Navigating the Graduate Job Market

  • Graduate jobs
  • Graduate jobs

"Find out what you like doing best and get someone to pay you for it", said British journalist Katharine Whitehorn. Whether this is construed as ingeniously insightful or idiotically simple might be dependent on your own employment status. This advice relies on the presence of two inseparable realities: 1) You know/are able to work out what you want to do and 2) There are enough people in today's economy willing to pay you for it.

The University of Leeds invited Search Laboratory to take part in their most recent employability initiative. Students arrived poised and ready to "mingle" in the University Careers Centre, perhaps with just an ounce of trepidation. The "Prepare for the Fair" event provided an opportunity for students to meet prospective employers and unleash their networking abilities.

It occurred to me as I shuffled from student to student that these conversations were far harder for those who genuinely had no idea about what they wanted to do. There's the perception that you can't get a job without experience and you can't get experience without a job. Compounded further when you have to ponder, how can I get either if I don't have a clue what I want to do?

SEO and PPC jobs

As HR Manager for Search Laboratory, I frequently speak to candidates who fall into this category. With digital marketing being a relatively new industry, many students simply are not aware of the opportunities available to them. Approaching graduates on recruitment site, I am able to open new avenues and outline the relevant transferable skills.

Maths graduates, for example, often presume that all roads lead to accountancy or teaching. English graduates I spoke to were shocked to hear there was an open and brightly-coloured door (figuratively speaking) beckoning them in.

As young people take their first few precarious steps towards the world of work, undoubtedly they face increasing hurdles to secure gainful employment and meaningful career opportunities. In the UK today, over a million 16 to 24 year-olds are looking for work. My advice to any of these hopefuls is don't let this become a self-fulfilling prophecy. One in every five new graduates may be unemployed but that leaves four in every five who are probably feeling pretty pleased with themselves.

What do I need to remember?

  • If you think you won't find work, you wont. You have the power to be your greatest ally or your own worst enemy. Make it happen!
  • You might not end up doing what you thought you would. There's nothing wrong with this! After all, how feasible is it that the decisions we made at 16 for our A-Levels (and even degrees) will stand us in good stead for the next 45 years?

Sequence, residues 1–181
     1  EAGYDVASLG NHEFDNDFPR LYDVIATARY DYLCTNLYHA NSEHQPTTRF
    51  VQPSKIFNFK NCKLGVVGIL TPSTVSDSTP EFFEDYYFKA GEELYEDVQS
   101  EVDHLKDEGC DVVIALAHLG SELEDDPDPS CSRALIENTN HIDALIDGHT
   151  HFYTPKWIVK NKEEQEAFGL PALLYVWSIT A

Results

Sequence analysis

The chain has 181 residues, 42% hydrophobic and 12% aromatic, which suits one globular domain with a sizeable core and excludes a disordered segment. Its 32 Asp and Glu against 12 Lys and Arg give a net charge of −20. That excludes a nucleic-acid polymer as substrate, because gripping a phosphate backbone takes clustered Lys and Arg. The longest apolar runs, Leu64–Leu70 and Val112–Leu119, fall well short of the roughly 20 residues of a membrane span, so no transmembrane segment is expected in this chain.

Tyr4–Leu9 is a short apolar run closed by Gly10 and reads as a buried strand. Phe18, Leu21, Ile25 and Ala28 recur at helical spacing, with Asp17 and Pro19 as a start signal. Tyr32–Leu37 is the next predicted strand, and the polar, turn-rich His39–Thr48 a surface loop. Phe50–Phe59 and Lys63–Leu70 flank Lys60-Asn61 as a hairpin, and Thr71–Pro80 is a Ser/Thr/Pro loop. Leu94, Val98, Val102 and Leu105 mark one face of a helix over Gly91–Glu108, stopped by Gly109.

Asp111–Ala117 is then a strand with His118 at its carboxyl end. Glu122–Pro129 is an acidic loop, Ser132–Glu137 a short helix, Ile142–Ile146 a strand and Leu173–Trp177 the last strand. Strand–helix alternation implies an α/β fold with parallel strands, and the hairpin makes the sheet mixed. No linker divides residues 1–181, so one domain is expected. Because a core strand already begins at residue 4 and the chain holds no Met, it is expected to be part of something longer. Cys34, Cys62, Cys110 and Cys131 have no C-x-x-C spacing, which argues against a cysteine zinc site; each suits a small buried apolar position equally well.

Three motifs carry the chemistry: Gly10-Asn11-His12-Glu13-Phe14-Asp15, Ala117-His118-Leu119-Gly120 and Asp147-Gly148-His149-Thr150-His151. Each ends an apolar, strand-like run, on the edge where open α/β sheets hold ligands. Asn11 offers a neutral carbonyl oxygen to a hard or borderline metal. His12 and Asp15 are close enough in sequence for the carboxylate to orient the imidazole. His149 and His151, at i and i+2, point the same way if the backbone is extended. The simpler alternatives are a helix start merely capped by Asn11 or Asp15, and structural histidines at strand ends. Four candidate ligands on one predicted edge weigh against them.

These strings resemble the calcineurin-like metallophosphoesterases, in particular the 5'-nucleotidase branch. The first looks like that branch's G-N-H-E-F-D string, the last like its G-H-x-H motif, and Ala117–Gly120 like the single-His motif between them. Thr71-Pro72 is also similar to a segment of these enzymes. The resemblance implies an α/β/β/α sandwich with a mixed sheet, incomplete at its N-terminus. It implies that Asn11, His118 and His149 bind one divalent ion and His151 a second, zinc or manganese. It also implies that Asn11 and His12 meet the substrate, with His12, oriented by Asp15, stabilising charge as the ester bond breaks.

• Extend your research to careers you have never considered or know nothing about.
  • Think about the longevity/prospects of the career you are considering. Is it an industry in decline or one in demand like search marketing?
  • Speak to as many different people from as many sources as you can. This will help you to work out what you will find interesting and enjoyable.
  • If you don't know – just give it a go! You'll soon work out what aspects of work you enjoy and those you do not.
  • Volunteering for work experience will not only help you work out what you want to do but it may also help you get your "foot in the door".

How do I stand out from the crowd?

  • Research the industry you are targeting in as much depth as possible. Knowledge really is power.
  • Tailor your CV for each new application so it is as relevant and focused as possible. Yes it is time-consuming, but essential.Think about your strengths and how these are transferrable to a wide variety of roles. Articulate this in your personal profile.
  • Always write a covering letter – this is your opportunity to demonstrate the passion and enthusiasm that your CV cannot.
  • Having the right attitude and behaviour will take you much further than some skills you may be missing. Skills can be taught far easier and you have already demonstrated through years of education that you are able and willing to learn.
  • Attend university events and careers fairs – they are an excellent way of finding out information and exposing yourself to employers.
  • Finding employment while you're in employment is always easier. 

For more information on Search Laboratory careers, please visit our website or Speak to Renae Jackson, HR Manager, 0113 2121211.